Meanwhile, other developments were occurring which 1973, Stickney Hall ceased to be a dormitory and
made 1920 the year that the new dormitory started became an office building for faculty, a role in which it
to finally become a reality. In late December 1919, still remains.
landscape architect Arthur R. Nichols of Minneapolis
During the summer of 2010, major remodeling
visited the campus and immediately spotted a problem.
occurred, mainly in the basement on the first floor of
The three eastern-most blocks of the present campus
Stickney Hall. New windows were also installed and
were not include in the original purchase. They needed
the brickwork was repaired. Stickney Hall now stands
to be, in order to give the campus a proper layout and
ready for many more years of service to Dickinson
approach. Consequently, the city authorities had to
State University. n
purchase those three additional blocks. The purchase was
completed by early June 1920, and the board accepted
the deed on Jan. 31, 1921.
The main public event of 1921 was the laying of the
cornerstone, which occurred on June 27 at 11 a.m.
Classes were adjourned for the event and the public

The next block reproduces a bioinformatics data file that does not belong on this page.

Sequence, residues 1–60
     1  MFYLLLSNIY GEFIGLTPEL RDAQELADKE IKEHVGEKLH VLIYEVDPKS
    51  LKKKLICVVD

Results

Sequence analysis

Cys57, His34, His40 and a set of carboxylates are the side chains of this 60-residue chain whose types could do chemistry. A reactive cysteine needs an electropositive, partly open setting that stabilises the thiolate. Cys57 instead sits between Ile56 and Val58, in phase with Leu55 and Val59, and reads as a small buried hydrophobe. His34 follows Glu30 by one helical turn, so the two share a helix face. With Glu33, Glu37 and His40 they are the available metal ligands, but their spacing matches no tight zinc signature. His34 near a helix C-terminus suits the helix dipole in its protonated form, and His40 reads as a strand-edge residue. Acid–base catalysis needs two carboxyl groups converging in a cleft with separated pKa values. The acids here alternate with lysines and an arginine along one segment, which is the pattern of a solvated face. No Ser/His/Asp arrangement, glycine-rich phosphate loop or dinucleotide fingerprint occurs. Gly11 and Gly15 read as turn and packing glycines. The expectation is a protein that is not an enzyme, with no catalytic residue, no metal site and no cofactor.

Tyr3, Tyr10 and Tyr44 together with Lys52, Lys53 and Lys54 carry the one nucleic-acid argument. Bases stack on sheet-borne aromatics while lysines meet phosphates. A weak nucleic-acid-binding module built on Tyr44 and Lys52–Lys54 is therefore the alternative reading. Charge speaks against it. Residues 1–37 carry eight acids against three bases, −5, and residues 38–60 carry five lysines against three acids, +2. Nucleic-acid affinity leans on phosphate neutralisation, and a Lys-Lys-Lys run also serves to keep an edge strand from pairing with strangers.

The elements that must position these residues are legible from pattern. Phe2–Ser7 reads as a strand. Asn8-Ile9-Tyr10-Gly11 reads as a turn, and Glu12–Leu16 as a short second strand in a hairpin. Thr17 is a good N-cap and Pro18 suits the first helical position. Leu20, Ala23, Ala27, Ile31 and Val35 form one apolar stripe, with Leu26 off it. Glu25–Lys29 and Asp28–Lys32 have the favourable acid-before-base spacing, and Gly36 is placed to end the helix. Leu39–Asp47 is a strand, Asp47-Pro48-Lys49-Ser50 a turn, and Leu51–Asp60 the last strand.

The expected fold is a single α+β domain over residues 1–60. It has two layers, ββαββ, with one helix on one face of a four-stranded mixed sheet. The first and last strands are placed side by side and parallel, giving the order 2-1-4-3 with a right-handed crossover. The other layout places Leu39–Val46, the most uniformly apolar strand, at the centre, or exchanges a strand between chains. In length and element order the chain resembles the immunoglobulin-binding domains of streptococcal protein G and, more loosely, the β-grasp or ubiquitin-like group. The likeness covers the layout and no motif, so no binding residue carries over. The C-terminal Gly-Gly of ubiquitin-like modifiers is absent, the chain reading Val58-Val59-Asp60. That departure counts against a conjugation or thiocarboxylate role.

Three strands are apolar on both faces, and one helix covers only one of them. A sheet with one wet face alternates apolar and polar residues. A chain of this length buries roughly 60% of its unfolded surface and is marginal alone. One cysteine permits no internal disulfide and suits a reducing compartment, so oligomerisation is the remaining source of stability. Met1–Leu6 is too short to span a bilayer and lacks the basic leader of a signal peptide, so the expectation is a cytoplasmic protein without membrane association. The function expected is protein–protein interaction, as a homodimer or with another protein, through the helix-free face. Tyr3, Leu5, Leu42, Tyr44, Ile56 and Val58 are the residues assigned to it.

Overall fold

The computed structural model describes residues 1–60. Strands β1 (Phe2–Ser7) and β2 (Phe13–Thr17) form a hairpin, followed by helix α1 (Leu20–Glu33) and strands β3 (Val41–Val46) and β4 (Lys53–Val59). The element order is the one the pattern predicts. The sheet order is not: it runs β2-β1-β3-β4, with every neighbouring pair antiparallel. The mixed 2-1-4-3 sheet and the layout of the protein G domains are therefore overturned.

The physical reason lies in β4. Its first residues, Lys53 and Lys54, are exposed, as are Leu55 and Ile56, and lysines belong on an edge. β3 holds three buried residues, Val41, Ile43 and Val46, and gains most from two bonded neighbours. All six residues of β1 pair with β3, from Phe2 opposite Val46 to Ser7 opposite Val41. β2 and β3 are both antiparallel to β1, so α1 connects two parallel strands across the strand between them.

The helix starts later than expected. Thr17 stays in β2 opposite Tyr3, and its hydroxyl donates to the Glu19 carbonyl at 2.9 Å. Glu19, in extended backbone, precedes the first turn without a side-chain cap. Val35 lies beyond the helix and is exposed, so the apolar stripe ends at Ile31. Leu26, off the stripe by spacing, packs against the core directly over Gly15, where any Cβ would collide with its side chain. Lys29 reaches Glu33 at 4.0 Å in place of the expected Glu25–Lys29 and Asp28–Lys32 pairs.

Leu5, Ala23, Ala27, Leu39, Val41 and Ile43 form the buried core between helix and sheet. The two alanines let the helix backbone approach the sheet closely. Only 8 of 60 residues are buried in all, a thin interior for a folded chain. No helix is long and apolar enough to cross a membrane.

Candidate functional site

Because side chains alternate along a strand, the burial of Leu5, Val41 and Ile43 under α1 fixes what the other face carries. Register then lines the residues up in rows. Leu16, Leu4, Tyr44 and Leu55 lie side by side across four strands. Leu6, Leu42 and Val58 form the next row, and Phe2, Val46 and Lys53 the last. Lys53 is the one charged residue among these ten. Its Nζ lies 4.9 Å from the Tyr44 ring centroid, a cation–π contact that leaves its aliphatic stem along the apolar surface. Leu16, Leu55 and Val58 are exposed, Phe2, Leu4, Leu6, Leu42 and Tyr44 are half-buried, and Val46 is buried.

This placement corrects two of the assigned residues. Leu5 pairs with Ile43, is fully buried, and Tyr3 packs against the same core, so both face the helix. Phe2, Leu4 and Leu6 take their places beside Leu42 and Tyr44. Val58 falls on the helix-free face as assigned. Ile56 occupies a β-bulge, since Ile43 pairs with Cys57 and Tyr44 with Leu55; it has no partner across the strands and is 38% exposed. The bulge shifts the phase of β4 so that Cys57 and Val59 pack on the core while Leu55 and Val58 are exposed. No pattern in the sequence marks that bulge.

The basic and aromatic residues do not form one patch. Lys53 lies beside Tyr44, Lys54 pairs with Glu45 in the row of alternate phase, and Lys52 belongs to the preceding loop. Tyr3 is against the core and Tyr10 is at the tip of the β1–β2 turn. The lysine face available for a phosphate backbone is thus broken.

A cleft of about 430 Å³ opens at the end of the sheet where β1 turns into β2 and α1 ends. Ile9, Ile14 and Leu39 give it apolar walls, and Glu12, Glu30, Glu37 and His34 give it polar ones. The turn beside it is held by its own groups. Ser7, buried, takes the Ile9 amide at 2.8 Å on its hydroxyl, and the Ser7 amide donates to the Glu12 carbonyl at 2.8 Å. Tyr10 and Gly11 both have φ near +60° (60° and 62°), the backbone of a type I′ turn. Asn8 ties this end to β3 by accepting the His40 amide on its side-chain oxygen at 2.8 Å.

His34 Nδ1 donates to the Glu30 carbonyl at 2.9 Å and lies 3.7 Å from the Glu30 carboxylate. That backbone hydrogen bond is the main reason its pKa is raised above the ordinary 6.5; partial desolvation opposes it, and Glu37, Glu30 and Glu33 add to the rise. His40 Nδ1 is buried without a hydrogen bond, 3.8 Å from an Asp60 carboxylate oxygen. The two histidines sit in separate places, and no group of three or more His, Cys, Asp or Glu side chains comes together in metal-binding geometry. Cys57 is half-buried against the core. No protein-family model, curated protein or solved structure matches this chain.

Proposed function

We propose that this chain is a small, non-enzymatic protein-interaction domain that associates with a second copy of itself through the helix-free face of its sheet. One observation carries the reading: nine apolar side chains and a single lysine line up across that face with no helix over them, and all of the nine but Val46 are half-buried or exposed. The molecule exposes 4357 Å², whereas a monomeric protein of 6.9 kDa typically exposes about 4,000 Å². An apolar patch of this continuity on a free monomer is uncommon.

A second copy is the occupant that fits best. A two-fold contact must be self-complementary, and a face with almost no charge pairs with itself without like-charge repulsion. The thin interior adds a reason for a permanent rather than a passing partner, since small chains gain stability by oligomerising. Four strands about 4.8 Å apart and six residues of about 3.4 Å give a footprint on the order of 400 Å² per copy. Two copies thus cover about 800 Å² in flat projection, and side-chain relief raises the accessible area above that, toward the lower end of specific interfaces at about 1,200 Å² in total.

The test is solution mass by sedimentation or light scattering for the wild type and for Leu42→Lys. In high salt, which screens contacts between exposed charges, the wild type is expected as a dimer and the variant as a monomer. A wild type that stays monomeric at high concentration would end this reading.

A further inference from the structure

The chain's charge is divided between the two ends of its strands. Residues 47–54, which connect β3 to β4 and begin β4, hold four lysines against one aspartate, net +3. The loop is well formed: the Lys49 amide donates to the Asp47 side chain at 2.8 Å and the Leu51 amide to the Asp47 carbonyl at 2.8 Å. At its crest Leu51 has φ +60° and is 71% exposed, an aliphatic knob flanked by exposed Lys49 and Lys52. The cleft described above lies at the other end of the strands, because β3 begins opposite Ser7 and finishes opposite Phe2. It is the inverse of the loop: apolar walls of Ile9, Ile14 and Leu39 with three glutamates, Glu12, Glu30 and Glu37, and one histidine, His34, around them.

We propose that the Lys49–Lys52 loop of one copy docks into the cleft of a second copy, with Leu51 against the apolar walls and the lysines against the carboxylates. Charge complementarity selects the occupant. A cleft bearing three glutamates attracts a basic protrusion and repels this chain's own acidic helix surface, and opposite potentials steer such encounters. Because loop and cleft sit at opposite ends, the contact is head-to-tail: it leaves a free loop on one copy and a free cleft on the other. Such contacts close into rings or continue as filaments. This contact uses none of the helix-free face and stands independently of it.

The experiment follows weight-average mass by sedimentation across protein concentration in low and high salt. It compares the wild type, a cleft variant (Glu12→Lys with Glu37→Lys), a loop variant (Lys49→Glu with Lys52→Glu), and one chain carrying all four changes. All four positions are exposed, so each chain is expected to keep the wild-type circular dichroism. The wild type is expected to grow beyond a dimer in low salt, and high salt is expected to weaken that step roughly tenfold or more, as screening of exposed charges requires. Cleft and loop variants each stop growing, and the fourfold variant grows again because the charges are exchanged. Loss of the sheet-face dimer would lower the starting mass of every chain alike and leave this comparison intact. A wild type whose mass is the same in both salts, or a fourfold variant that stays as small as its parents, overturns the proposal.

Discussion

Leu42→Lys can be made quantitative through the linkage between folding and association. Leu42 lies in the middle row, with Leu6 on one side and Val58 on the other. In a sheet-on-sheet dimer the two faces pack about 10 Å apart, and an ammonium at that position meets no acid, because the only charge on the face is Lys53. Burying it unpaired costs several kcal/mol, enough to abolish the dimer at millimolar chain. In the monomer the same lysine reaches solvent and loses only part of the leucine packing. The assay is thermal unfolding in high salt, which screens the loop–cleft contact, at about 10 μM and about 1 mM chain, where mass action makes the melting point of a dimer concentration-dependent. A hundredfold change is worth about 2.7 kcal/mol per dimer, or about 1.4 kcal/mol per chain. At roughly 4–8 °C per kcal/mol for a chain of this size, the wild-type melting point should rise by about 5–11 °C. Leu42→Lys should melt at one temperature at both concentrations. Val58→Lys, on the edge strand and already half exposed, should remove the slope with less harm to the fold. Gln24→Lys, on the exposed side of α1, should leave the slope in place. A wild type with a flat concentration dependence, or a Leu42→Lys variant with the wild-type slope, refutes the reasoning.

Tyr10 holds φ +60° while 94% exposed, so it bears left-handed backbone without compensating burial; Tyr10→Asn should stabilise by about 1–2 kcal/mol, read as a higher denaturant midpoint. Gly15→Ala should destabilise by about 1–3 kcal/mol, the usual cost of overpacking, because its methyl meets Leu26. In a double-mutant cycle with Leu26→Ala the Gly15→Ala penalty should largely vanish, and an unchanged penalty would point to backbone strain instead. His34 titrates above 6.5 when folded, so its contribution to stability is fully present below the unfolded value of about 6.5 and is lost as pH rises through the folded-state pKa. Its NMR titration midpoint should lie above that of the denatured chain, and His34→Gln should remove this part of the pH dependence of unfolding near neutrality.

was invited. Several hundred townspeople attended.
Attorney W.F. Burnett presided at the ceremony,
which opened with the singing of “America.” The
first speaker was ex-senator M.L. McBride, who had
introduced Senate Bill No. 259 in the 1913 Legislature
which began the process for the state constitutional
Stickney Hall (left) and May Hall 1924
SPRING2011 www.dsufamily.com | 13
woman Junior Leah Walters’ ‘big voice’
hits a high note at MET auditions
BY JESSIE SCOFIELD
There’s a big voice at
Dickinson State University.
A big, beautiful soprano voice
that comes from a woman
whose aspirations, drive and
potential are just as remarkable
as the songs she sings.
eah Walters, a 21-year-old junior from rural Captivated by the way opera singers have the ability
Gladstone, is a young renaissance woman to sing over an entire orchestra, Walters set her sights
of a different era. The music performance on becoming a classically trained vocalist. At age 14,
major, opera singer, flutist, pianist and Mozart she began taking voice lessons from Laurae Dykema
enthusiast demonstrates maturity beyond her years and at DSU. Under Dykema’s guidance, Walters entered
has already celebrated success in a competitive industry the North Dakota Marketplace Talent Search. Walters
full of seasoned vocalists competing for the same stage. was a winner that day, but more importantly learned
Homeschooled on a farm alongside her two brothers, that vocal performance was something she wanted to
Walters credits farm life with providing her the space pursue.
and time to devote to music and the work ethic it takes So she enrolled in DSU’s music program and
to succeed in a competitive field. began working with voice coach and mentor, Bruce